lesson 2 - active jamming ( stealth technology )

Active jamming is an electronic countermeasure (ECM) that can have one or three or 'hidden' objectives :

• To mask the presence of a target by introducing random interference
• To generate false targets by simulating radar echoes at different times during the pulse repetition interval or he scan interval.
• To cause erroneous target location by introducing modulation on the echo or jamming pulse. Radar equations can be written for the first two cases.

Equivalent Temperature of Stand-Off Noise Jamming

One type of masking ECM is random noise radiated over a bandwidth BJ wider than radar receiver bandwidth Bn, either continuously or over time intervals chosen to mask the actual echo signal without giving useful range delay data. The effect is to raise the total spectral density of the background noise in the receiver from No to N0 + J0, where the received jamming spectral density is

                                                                 J0 = Pj Gj Gr λ² F ²pj F ²j

                                                                (4 π) ² Bj R ²j Lαj

Here. PjGj represents the ERP of the jammer, PjGj/Bj is the effective radiated power density (ERPD) at the frequency to which the radar is tuned, Fpj ² is the jamming polarization factor, F ²j is the one-way pattern-propagation factor from the jammer into the radar antenna, Rj is the jammer range, and Lαj is the one-way atmospheric attenuation. For a stand-off jammer ( SOJ ) that maintains essentially constant component of noise temperature added to Ts at he receiver input :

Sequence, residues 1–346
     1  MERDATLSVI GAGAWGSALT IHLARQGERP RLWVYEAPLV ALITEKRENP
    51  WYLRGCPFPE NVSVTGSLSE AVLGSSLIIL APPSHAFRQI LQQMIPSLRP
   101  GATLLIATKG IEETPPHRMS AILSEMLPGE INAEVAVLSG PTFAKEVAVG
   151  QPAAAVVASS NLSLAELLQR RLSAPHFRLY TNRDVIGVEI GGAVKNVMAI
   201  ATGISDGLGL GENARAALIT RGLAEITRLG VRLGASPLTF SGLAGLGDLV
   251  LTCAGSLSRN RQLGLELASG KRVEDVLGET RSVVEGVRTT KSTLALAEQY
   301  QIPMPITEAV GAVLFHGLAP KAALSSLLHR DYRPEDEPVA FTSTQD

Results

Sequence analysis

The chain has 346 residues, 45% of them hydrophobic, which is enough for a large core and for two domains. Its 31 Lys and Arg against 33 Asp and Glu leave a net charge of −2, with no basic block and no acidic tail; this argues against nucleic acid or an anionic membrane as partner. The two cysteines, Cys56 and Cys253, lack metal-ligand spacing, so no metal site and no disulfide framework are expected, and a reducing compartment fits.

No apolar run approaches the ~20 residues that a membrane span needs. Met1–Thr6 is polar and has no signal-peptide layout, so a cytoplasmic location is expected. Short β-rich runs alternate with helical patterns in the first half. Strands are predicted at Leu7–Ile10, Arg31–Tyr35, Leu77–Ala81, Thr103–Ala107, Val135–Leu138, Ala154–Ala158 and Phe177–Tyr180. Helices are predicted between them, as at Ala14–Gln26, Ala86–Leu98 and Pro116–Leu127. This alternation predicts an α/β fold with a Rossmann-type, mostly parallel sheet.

Tj = Jo = Pj Gj Gr λ² F ²pj F ²j

                                                                         k(4 π) ² kBj R ²j Lαj

                                                                 T’s = Ts + Tj

For two or more jammers, individual values Tji are calculated, and the total input temperature is found as:

                                                              T’s = Ts + Tj1 + Tj2 + …..

The target detection range of the radar is an SOJ   noise  jamming environment can be calculated by replacing Ts by T’s or he Blake chart. The value of Tj for jammer within the main lobe of the radar antenna ( Fj ≈ 1 ) is normally so great that the detection range is negligible, but in search factors whrer he jammer is in a sidelobe ( Fj << 1 ) the jammer contribution Tj can be comparable to Ts, permitting a useful detection range to be obtained.